A few steps to consider taking when you're first getting started:

Get academic.

Balestrieri recommends checking out the sexual education site OMGyes, whether you're solo or partnered. "It's a great resource for vulva owners or the people who are intimate with them," she says. "Their science-backed research on pleasure offers tons of new ways to play."

And Zhana Vrangalova, Ph.D., NYU professor of Human Sexuality and a sexpert for LELO likes online courses offered by Kenneth Play, Beducated.com, and KinkAcademy.com. "People can also take in-person or online workshops at sex stores and communities like the Pleasure Chest, Babeland, or Hacienda," she adds.

Share a sexual fantasy with your partner.

Even if you don't plan to explore it in real life, tell your partner about a fantasy you've had. "Giving your partner access to your hidden, sexual thoughts can feel vulnerable and sexy to both of you," says Moali. "Through this, you may also be able to open the door to exploring shared sexual interests."

Along the same track: Read erotica and listen to steamy podcasts or stories (an app to try: Dipsea).

Get creative with toys. 

When you think about sex toys, dildos and vibrators are likely the first examples to pop into your mind. But there are a variety of toys that can be used all over the body to crank up the intensity and fun of foreplay — during partnered or solo sex. Balestrieri recommends the following:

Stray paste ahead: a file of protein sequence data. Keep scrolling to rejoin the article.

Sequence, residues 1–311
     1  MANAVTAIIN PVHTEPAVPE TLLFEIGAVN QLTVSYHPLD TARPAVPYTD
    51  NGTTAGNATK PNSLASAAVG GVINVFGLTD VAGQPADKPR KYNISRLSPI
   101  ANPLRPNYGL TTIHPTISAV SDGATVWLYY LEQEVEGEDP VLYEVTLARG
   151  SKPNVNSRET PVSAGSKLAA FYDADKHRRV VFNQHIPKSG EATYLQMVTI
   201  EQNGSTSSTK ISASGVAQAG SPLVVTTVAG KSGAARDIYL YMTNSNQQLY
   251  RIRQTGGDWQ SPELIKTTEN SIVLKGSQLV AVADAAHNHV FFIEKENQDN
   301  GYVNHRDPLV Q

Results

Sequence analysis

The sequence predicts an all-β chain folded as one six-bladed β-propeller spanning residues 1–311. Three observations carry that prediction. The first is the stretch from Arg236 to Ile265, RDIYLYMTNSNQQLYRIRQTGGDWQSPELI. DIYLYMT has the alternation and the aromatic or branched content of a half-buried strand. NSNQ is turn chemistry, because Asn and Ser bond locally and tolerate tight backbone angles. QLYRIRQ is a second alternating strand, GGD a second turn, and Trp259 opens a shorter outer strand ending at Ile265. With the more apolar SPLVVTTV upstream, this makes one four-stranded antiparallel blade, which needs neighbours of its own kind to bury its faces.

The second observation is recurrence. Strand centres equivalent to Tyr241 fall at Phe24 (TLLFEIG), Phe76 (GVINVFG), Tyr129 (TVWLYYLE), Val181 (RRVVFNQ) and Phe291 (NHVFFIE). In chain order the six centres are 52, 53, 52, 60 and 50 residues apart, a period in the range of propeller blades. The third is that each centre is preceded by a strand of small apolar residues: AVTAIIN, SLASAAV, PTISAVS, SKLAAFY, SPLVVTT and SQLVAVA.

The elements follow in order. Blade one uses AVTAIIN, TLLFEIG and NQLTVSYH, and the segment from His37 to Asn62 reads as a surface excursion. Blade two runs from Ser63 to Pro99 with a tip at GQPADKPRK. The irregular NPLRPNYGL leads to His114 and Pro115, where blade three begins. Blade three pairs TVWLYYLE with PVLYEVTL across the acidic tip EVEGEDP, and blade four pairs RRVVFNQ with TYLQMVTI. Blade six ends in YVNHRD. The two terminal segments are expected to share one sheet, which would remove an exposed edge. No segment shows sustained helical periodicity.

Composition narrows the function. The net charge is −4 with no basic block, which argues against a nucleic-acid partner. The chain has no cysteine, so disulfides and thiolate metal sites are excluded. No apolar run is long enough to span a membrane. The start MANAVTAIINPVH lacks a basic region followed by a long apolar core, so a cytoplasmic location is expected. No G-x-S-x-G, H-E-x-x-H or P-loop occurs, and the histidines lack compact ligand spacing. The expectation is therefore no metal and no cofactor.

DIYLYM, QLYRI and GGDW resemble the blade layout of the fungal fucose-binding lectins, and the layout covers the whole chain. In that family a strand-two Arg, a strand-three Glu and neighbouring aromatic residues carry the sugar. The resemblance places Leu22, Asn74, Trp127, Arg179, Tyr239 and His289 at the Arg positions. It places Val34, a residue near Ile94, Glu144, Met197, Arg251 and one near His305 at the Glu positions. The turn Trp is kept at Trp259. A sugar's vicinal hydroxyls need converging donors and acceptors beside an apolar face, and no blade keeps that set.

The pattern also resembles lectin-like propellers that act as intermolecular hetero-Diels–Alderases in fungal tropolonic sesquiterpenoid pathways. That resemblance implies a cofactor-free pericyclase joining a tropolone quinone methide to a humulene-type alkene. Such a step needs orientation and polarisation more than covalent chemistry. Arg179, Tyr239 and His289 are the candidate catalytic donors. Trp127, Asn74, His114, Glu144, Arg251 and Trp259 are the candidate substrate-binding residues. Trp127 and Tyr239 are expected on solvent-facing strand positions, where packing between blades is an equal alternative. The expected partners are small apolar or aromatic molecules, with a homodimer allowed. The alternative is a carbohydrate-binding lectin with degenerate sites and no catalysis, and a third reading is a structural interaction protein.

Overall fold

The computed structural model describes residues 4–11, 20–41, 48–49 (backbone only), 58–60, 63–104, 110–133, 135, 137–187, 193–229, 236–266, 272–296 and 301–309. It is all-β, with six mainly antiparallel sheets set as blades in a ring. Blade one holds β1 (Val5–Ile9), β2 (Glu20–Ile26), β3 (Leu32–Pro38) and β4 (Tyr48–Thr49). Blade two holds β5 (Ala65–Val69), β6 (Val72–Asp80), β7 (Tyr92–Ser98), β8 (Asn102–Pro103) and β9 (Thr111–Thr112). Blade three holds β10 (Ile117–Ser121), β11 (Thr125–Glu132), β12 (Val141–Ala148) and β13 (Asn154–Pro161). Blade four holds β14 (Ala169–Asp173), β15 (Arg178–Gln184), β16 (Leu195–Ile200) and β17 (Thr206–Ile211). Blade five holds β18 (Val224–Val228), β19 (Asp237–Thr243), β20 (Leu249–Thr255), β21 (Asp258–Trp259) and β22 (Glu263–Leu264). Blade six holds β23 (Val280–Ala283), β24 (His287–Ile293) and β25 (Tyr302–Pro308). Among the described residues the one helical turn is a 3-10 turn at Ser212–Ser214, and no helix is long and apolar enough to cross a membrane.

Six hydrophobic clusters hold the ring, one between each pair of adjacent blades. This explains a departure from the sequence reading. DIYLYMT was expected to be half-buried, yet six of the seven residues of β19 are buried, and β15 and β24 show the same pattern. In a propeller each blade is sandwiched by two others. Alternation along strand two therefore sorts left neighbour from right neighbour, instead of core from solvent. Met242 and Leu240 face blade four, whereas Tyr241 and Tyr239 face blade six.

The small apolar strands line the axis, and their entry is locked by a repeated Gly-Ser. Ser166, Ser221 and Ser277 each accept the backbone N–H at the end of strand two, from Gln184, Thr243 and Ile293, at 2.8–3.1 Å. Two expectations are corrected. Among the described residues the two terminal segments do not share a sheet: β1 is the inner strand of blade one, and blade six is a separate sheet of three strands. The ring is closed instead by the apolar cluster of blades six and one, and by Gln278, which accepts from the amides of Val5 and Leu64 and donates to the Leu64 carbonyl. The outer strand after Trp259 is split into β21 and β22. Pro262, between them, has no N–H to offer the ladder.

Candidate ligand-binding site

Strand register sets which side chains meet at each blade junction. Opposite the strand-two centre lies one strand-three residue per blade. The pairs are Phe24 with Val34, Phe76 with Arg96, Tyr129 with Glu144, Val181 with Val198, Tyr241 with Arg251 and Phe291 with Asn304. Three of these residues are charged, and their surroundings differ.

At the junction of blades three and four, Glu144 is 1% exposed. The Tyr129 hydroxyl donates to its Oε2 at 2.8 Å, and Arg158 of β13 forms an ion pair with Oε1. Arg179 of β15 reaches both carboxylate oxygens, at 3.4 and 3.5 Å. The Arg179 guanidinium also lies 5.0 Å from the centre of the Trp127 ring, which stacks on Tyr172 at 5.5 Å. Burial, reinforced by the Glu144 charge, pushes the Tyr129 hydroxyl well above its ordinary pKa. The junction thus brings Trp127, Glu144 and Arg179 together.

• The Trojan Ultra Touch Fingertip Vibrator: "This one's unique in that it allows you to use your own hand to touch, but changes the sensations you or your partner receives, making it great for nipple, clitoral, or other erogenous zone stimulation," she says. 
  • The Neptune 2 from Jimmy Jane: "An amazing start for prostate stimulation, this toy gives you access to the P-spot through stimulating the perineum or the anus."
  • The Anal Training Kit and Education Set from B-Vibe: "A must for beginners looking to explore anal play safely."

Go shopping.

If you want to get more hands-on with toy selection, Amy Baldwin, sex educator, sex and relationship coach, and co-host of the Shameless Sex Podcast recommends going on a date to your local sex toy shop — solo or with your S.O. "Walk around the shop and check out all of the toys that are available to you," she advises. "The best sex-positive shops will have knowledgeable employees who can tell you more about each toy while providing specific recommendations based on your preferences."